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Shooting Goths – the new sport

Shooting Goths – the new sport

Anyone would know I have nothing against photographers, in fact I spend a lot of time with them and love being part of the art we create. But this is always planned, agreed and considered art, where I am not only thought of as their subject but a valuable part of the whole process and most importantly know and have a say in what the outcome will be.

However, I’ve never been keen on people taking my photo without my knowledge, especially if I’m relaxing or enjoying myself. Being a photograph’s subject has little place in my life in those moments, these are my private moments and I should be able to choose who I share them with.

This is where paparazzi come in – celebrities and public figures have had to give up their right to a certain degree of privacy and become “public property” even in their down times. Now I ask this, have Goths now been forced to do the same?

dan_yorkshire: Some models had 10+ photographers around them at a time shouting for their attention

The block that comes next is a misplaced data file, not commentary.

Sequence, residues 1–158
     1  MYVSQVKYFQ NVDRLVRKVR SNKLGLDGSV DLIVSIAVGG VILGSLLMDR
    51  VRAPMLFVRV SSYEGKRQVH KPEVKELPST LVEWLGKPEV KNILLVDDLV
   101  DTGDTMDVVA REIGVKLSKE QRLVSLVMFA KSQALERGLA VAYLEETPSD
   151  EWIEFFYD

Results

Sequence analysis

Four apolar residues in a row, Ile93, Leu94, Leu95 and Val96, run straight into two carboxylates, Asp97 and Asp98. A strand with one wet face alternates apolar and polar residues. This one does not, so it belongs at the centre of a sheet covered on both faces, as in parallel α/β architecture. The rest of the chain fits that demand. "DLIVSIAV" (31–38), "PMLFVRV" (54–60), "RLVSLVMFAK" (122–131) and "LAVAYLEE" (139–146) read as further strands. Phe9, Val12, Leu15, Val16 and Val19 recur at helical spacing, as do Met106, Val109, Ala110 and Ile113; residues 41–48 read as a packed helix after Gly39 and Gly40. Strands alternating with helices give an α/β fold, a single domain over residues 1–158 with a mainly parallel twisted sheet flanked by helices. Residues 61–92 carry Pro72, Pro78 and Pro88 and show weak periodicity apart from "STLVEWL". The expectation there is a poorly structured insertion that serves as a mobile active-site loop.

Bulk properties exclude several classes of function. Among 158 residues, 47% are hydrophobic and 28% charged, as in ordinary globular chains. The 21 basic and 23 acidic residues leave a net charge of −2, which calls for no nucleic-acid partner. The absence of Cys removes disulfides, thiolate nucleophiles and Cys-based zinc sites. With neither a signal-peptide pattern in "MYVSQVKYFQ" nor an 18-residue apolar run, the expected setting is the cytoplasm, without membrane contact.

In the past few years Whitby Gothic Weekend has been attracting more and more photographers, to the point where it has started becoming a real problem. As dan_yorkshire from the forum says, “There are more photographers than seagulls!!”. Indeed I went through a countless number of photographer forums and the majority of them had at least one post about arranging a meetup in Whitby over the Goth Weekends. While there have always been photographers going to the festival, these days there are times when the “photographers very nearly outnumbered the Goths” as Debbie Stogden from admits. While pixvault from writes about a recent Whitby visit, “I swear the Togs outnumbered the Goths 2 to 1”. The rector of the Church on St Mary’s Hill announced shortly before November Whitby that he no longer wants people posing on and against the gravestones. This caused the first wave of uproar – among Goths, photographers, and Whitby visitors alike. While I personally don’t have a problem with people posing on or near gravestones (and have myself in the past), as long as you are careful not to ruin them or be respectful if there is anyone actually visiting them and stay away – I think they are beautiful objects and make for wonderful photographs. There are of course people who disagree with that on religious or other grounds. Indeed I think doing provocative or scantily clad shots in graveyards are in poor taste, but similarly some would think simply being Goth in a graveyard is in poor taste – so it’s all just a matter of perspective.